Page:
Well, not exactly.

Commodus is undoubtedly the villain of the film, but we don’t get a strong sense of what he wants and what drives him. I suppose I should feel outraged when he smothers his own father, but there are two problems:

  1. Murdering your own flesh and blood to claim the throne wasn’t exactly unusual in the Ancient World.
  2. If Aurelius truly believes that “Commodus is not a moral man … He must not rule”, why has he not had him murdered? He is the Emperor – he has the power to do that!

Commodus also murders Maximus’ family out of spite, but since we don’t actually know his wife or son, it is difficult to feel a great sense of loss. The screenplay relies heavily on clichés and visual shorthand to explain characters’ motivations, rather than exploring their relationships with one another.

And that is why I say Commodus is Hitler. Take his triumphant entry into Rome:

Commodus arriving at Rome
Ridley Scott would like you to know that he has seen Triumph of the Will

Commodus is also deeply dismissive of the Roman Senate. He sees it as an moribund institution, full of the “tedious sermonizing of a few dry old men“, that only obstructs the relationship between the Emperor and the People. Commodus’ arrest and murder of multiple Senators in the final act of the film is an obvious and clumsy metaphor for the Night of Long Knives.

Still not convinced? Commodus, who has been lusting after his own sister Lucilla for most of the movie, tells her after the Senate has been neutered that “you will provide me with an heir of pure blood so that Commodus and his progeny will rule for 1,000 years.

I’m sorry Voldermort, for calling you “Wizard Hitler”. You are so subtle by comparison.

The screenplay was clearly trying to contrast Maximus and Commodus with one another, the same thing The Prince of Egypt does with Moses and Rameses. But Commodus doesn’t know that Maximus is alive for a large portion of the film, and when the two characters do interact they have really poor chemistry.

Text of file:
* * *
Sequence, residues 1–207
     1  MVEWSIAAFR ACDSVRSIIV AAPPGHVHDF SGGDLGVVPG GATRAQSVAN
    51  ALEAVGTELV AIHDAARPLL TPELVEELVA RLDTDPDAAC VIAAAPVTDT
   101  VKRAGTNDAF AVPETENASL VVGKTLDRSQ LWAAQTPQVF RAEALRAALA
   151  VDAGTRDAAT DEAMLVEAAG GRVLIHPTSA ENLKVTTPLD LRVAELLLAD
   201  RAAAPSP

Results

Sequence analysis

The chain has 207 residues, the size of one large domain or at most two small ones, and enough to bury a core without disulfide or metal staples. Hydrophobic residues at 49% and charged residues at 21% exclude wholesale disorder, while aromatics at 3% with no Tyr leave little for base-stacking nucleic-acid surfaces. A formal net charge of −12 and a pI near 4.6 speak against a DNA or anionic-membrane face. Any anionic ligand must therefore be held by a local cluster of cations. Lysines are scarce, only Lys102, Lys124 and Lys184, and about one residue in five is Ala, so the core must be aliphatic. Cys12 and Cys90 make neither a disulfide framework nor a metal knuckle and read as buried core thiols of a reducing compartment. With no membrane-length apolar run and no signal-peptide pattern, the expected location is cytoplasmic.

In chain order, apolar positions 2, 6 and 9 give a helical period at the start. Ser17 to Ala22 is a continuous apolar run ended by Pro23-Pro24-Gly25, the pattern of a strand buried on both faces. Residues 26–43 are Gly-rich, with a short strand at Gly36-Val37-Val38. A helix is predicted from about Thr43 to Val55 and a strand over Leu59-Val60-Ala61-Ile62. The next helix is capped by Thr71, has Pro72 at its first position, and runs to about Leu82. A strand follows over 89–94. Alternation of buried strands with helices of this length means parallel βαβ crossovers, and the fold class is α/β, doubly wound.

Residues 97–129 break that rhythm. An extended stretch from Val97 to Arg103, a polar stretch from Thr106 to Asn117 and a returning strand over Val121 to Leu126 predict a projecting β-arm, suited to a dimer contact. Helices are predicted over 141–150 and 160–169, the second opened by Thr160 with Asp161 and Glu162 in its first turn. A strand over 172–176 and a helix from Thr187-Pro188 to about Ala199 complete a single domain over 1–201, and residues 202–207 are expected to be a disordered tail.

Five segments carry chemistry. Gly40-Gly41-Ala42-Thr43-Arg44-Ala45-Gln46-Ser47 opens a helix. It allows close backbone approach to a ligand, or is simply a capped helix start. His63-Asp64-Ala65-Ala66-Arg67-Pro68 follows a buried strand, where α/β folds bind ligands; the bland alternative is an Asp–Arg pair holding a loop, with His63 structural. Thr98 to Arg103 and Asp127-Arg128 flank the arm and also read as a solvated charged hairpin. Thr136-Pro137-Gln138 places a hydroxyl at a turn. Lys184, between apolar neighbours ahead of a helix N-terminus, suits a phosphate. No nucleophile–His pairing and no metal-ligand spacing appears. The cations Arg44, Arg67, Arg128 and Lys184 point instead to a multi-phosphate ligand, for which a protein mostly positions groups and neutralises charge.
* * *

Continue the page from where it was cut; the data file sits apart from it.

I also find it baffling that multiple characters complain that Commodus is appeasing “the mob” by putting on so many gladiator tournaments.4 Pretty much the only thing Maximus does throughout the film is fight in the arena – his popularity with the crowd is the only thing that stops Commodus from murdering him outright! Why are we acting like this is a complex moral dilemma?

Boring Spectacle

Let’s be honest, this movie was just an excuse to film gladiator fights. The problem is that the screenplay does not provide these fights with an interesting context or meaning. I was often bored while Maximus was fighting in the arena – the set-pieces that the entire movie revolves around.

Halfway through a fight involving some poorly aged CGI tigers, it suddenly occured to me what movie I should really be watching instead…

Pirates of the Caribbean poster
This is the Tale … of Captain Jack Sparrow!

Think about it – Pirates of the Caribbean also has a historical setting, but it has a superior score, more interesting characters, and better special effects. Why do I need to watch plank-of-wood Maximus fight in the arena, when I can watch Captain Jack Sparrow take part in an epic sea battle?

So that is why I do not recommend Gladiator – everything it sets out to accomplish, another movie does it better.